Ayurveda to bind East with the West

Interview (Part 2) with Dr. Antonio Morandi, MD, Phd

interviewDr. Antonio Morandi, MD, PhD, was born in Florence, Italy. He studied Medicine and Surgery at the University of Florence, specialized in Neurology and Neuropathology. He then continued as a researcher in Cleveland Ohio, USA working on “Aging changes in neuronal structure and function and synaptosomes and axons”. He returned to Italy to Fida Research Laboratories, Abano Terme in the province of Padua, heading their research laboratory of neuropathology of aging and later the Research and Project Management. He is also an Ayurveda Vaidya (Ayurveda Academy, Pune, India, and Joytinat International College of Ayurveda). He is the President, CEO and Founder of Ayurvedic Point srl (www.ayurvedicpoint.it/), Milan, a leading institution in Italy and Europe for therapy, research and education in Ayurveda.. Dr. Morandi is also Founder President of the Italian Scientific Society for Ayurvedic Medicine (S.S.I.M.A.), an association of medical doctors practicing Ayurveda, which is a founding member of the Italian Permanent Consensus Committee on Non Conventional Medicines. He is also the Ayurveda Project Leader for the European Research Group on Metaphysical Medicine.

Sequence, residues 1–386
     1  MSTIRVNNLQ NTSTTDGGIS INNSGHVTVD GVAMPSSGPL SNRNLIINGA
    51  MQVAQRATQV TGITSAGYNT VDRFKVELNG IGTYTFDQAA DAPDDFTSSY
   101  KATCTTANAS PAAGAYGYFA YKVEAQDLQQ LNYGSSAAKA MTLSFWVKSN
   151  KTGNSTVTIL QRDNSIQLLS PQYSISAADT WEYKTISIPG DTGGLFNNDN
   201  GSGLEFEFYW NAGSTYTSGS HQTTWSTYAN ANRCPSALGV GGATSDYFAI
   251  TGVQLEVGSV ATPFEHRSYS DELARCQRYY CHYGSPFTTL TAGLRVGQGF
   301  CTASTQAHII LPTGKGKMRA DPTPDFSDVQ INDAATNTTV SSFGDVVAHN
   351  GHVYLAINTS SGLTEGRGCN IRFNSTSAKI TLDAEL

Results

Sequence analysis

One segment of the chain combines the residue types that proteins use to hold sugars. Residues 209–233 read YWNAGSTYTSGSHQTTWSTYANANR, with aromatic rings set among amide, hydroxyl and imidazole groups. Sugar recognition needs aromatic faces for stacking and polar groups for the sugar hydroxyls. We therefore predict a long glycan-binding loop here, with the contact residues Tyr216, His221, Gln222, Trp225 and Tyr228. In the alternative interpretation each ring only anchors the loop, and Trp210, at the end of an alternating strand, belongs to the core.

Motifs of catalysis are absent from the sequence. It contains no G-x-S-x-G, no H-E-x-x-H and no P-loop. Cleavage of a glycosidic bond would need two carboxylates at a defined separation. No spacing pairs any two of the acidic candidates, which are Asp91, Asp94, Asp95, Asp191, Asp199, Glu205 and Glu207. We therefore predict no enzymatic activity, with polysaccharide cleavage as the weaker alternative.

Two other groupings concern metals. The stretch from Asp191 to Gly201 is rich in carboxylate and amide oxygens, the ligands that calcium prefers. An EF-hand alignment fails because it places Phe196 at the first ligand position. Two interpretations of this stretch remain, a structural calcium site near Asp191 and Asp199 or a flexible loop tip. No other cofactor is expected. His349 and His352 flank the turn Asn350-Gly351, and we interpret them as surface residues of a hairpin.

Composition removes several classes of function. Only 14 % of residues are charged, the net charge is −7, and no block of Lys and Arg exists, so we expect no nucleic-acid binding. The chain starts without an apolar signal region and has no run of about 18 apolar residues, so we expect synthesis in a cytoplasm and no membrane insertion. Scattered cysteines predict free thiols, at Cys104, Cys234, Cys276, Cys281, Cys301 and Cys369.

In 2003 he was awarded the honorary doctorate, ‘Ayurveda Acharya’ by the Ayurvedic Institute Ashtavaidyan Thaikattu Mooss, Kerala, India. He is also Director and Professor of Ayurveda section at the Post Doctoral specialization course in “Health Sociology and Non Conventional Medicine”, University of Bologna, Italy, and has been called to teach Ayurveda in several Italian and foreign Universities.

Even today, many are there who still believe that Ayurveda is very primitive and not at all a science. What do you think in this regard?

Untitled-2It is being said so just because of ignorance, it is a big mistake that still persists in the Western world. Actually, it is not a mistake, it is a confusion. A confusion between what is culture and what is technology. You may have technology which has culture, but you cannot have technology without culture. And you may have culture alone. But if you confuse the technology with the culture you will have big problems.